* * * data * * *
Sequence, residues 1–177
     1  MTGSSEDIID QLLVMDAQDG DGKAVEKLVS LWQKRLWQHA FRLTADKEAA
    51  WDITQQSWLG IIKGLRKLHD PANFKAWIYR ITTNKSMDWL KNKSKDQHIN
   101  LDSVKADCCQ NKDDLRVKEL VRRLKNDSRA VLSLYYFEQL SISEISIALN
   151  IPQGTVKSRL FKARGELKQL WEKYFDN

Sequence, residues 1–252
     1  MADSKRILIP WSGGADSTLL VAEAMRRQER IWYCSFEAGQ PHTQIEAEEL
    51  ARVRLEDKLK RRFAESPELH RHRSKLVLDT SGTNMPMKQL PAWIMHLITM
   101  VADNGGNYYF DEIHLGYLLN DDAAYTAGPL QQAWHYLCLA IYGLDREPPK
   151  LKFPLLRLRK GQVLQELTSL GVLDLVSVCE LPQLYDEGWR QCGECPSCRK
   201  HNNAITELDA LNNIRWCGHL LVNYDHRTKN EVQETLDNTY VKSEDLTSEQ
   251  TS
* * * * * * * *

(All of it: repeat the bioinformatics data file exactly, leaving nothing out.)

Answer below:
Sequence, residues 1–177
     1  MTGSSEDIID QLLVMDAQDG DGKAVEKLVS LWQKRLWQHA FRLTADKEAA
    51  WDITQQSWLG IIKGLRKLHD PANFKAWIYR ITTNKSMDWL KNKSKDQHIN
   101  LDSVKADCCQ NKDDLRVKEL VRRLKNDSRA VLSLYYFEQL SISEISIALN
   151  IPQGTVKSRL FKARGELKQL WEKYFDN

Sequence, residues 1–252
     1  MADSKRILIP WSGGADSTLL VAEAMRRQER IWYCSFEAGQ PHTQIEAEEL
    51  ARVRLEDKLK RRFAESPELH RHRSKLVLDT SGTNMPMKQL PAWIMHLITM
   101  VADNGGNYYF DEIHLGYLLN DDAAYTAGPL QQAWHYLCLA IYGLDREPPK
   151  LKFPLLRLRK GQVLQELTSL GVLDLVSVCE LPQLYDEGWR QCGECPSCRK
   201  HNNAITELDA LNNIRWCGHL LVNYDHRTKN EVQETLDNTY VKSEDLTSEQ
   251  TS